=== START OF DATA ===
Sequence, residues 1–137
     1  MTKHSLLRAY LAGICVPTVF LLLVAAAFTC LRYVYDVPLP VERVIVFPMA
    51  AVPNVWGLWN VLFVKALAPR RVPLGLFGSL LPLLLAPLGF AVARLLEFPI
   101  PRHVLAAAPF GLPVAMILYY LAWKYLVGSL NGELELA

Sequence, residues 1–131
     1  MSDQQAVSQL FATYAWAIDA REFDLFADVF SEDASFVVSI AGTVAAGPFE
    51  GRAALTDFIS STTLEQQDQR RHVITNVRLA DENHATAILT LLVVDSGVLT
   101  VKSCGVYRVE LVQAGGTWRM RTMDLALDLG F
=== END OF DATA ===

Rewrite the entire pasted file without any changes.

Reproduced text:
Sequence, residues 1–137
     1  MTKHSLLRAY LAGICVPTVF LLLVAAAFTC LRYVYDVPLP VERVIVFPMA
    51  AVPNVWGLWN VLFVKALAPR RVPLGLFGSL LPLLLAPLGF AVARLLEFPI
   101  PRHVLAAAPF GLPVAMILYY LAWKYLVGSL NGELELA

Sequence, residues 1–131
     1  MSDQQAVSQL FATYAWAIDA REFDLFADVF SEDASFVVSI AGTVAAGPFE
    51  GRAALTDFIS STTLEQQDQR RHVITNVRLA DENHATAILT LLVVDSGVLT
   101  VKSCGVYRVE LVQAGGTWRM RTMDLALDLG F